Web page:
Vale and Downland Association – Chairman’s report October 2012
To start 2012 off we ran 5 study group sessions for those members who were planning on taking their Basic Assessment and also be group leaders at the Teaching Apiary during the season. Approximately 15 members attended these sessions, of which 9 successfully took and passed their Basic Assessment. Prior to the study group sessions an 8 week evening class and one practical workshop day had taken place with 20 students in attendance.
Our summer evening meetings for those members of the public interested in seeing bees in the hive did not have as many attendees as in previous years, some of these meetings had to be cancelled because of the rain.
The members’ meetings that have been held have been well supported by new and old members alike, but it is always nice to see a few more members attending.
Twenty nucs had been sourced and purchased for the beginners, but because of the inclement weather the delivery of these was delayed, they eventually arrived late May. Seven beginners took a place on the beginners’ apiary for the season. Unfortunately due to weather the nucs had to be fed for some considerable time, only one beginner was able to do an artificial swarm this year.
The Association’s apiaries were successful with the training of beekeepers, even with the bad weather the bees managed to produce some honey, at times things became very trying with the disappearance of queens on a regular basis. With the patience and help of the group leaders and their helpers all the colonies eventually came through with a good viable queen. At the moment we have 22 colonies on the Teaching apiary, they have all been fed for the winter and mouseguards and woodpeckers cages have been put in place.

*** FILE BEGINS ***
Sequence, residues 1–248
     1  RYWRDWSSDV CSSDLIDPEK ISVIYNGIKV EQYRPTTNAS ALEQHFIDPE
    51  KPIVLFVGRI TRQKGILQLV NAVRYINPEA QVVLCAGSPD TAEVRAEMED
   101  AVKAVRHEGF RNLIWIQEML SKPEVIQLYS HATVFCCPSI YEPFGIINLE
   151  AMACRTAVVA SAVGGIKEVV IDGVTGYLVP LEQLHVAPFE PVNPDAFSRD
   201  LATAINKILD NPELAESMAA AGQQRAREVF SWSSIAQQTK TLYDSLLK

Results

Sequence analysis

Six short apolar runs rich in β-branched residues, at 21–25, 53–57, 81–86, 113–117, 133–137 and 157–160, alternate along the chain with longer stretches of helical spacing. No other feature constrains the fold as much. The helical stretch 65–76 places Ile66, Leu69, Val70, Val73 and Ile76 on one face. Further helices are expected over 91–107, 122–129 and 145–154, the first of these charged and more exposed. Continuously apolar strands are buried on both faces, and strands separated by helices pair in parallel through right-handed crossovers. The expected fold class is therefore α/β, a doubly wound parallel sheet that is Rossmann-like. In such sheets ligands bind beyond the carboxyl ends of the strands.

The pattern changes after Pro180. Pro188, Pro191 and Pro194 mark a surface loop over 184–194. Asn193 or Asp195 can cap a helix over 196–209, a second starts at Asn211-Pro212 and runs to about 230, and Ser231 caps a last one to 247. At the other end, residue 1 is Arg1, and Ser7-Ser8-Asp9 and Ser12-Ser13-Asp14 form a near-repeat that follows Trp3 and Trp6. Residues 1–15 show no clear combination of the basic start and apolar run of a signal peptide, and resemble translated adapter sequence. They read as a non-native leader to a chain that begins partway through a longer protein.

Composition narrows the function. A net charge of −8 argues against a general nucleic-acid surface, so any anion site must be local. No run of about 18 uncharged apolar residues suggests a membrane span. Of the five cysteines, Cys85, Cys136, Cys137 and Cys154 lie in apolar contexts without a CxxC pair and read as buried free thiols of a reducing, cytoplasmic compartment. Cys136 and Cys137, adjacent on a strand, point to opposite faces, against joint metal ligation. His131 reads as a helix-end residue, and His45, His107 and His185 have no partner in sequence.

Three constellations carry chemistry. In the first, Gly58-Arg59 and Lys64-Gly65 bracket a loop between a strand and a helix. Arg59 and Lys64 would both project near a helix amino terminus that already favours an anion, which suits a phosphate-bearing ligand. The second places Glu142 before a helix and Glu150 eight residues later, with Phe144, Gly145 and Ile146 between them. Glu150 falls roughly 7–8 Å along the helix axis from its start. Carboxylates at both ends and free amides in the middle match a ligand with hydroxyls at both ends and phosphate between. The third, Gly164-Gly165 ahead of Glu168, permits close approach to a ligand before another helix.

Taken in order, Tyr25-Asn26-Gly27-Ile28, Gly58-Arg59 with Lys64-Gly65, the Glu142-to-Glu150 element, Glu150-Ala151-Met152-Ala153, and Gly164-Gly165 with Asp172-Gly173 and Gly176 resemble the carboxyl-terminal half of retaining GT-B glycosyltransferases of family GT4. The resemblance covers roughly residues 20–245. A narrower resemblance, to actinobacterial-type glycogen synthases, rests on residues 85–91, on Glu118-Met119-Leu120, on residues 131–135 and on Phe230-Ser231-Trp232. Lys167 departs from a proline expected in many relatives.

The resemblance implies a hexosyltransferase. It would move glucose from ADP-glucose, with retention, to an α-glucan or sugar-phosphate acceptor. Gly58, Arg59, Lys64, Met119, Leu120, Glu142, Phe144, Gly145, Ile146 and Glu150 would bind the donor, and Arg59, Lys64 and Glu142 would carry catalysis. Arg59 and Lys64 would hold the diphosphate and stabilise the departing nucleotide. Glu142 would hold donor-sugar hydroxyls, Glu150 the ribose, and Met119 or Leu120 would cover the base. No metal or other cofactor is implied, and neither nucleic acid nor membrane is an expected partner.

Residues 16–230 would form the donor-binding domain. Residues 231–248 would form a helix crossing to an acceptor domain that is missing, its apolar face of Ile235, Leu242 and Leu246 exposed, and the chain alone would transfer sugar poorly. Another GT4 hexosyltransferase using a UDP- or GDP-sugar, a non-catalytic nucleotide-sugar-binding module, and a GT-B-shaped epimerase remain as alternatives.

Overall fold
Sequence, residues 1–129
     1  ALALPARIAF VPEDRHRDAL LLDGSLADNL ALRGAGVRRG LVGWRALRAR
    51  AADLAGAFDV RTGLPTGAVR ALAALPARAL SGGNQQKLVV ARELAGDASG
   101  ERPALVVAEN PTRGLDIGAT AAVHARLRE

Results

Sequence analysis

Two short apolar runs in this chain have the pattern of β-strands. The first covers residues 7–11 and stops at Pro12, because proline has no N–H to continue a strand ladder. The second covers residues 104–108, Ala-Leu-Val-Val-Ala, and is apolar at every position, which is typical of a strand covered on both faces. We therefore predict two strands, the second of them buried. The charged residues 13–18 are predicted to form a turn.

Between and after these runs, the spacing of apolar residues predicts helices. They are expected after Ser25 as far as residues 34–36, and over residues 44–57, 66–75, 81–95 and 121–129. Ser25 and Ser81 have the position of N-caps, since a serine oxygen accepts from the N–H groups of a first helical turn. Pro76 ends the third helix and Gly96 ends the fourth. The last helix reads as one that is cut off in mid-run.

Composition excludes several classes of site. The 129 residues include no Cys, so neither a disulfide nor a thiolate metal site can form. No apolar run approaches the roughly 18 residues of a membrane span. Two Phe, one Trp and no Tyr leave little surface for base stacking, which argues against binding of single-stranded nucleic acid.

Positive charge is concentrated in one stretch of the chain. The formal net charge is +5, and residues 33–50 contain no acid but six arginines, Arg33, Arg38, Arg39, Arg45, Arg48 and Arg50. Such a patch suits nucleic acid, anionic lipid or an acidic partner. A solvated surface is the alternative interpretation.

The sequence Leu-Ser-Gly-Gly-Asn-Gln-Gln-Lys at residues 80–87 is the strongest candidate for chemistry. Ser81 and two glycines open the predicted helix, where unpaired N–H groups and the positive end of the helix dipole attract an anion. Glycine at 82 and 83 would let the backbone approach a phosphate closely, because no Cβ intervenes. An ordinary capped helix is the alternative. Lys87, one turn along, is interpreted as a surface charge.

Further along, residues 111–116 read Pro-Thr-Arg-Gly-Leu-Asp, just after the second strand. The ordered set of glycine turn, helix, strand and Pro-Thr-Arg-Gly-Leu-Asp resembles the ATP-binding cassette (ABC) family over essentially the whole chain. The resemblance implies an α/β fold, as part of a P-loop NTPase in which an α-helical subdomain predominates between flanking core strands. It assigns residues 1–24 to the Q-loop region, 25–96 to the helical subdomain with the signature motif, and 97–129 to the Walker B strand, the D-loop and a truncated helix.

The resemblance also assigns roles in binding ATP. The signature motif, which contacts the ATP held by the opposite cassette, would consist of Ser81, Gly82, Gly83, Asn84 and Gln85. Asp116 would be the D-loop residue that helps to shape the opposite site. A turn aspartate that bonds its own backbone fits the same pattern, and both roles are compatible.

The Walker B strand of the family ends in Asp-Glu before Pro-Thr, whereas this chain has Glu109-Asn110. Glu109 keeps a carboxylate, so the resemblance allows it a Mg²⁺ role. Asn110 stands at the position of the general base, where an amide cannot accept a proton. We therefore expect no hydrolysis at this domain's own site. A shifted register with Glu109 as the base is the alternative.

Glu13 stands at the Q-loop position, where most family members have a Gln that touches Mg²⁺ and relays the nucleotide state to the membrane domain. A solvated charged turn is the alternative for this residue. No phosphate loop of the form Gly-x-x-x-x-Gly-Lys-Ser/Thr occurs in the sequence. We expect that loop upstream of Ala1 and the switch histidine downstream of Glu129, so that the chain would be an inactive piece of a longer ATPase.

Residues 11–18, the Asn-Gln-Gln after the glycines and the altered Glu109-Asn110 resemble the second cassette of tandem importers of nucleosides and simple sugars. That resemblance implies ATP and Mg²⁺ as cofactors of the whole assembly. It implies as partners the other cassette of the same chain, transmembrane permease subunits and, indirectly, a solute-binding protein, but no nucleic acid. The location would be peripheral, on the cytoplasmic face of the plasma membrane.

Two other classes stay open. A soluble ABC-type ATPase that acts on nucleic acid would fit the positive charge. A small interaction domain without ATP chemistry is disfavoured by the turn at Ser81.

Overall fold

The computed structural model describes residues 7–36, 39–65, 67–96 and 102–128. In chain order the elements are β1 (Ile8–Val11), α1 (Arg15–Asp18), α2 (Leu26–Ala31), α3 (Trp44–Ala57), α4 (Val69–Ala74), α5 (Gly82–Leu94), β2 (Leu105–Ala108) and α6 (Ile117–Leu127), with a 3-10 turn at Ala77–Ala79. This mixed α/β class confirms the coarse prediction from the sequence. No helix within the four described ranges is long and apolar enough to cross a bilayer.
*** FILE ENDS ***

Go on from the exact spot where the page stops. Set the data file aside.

The weekly apiary meetings held at the Beginners’ and Teaching apiary have been very well supported by the beginners from this year and last year. This year we arranged a rota for those group leaders who were able to attend on a regular basis; this ensured us that there would be plenty of helpers to look after the bees. Each group had 3 or 4 beginners/improvers with a group leader and each group was allocated two hives to take care of for the season. This format seemed to work well with everyone learning something. Due to the weather we were restricted on what activities could be done with the hives, i.e. no queen rearing etc. Hopefully next year we will be able to arrange projects with each group. John and I were in the background in readiness to give advice.
Thanks must be given to all those members who have helped with the association over the past year, especially those members who have turned out every Saturday afternoon (from April to October) to help with the teaching of Beginners and managing the hives on the teaching apiary. Thanks also to those members who opened their apiaries for our visits. A special thanks to our retiring secretary, Michael Taylor for the support he has given the association over the years.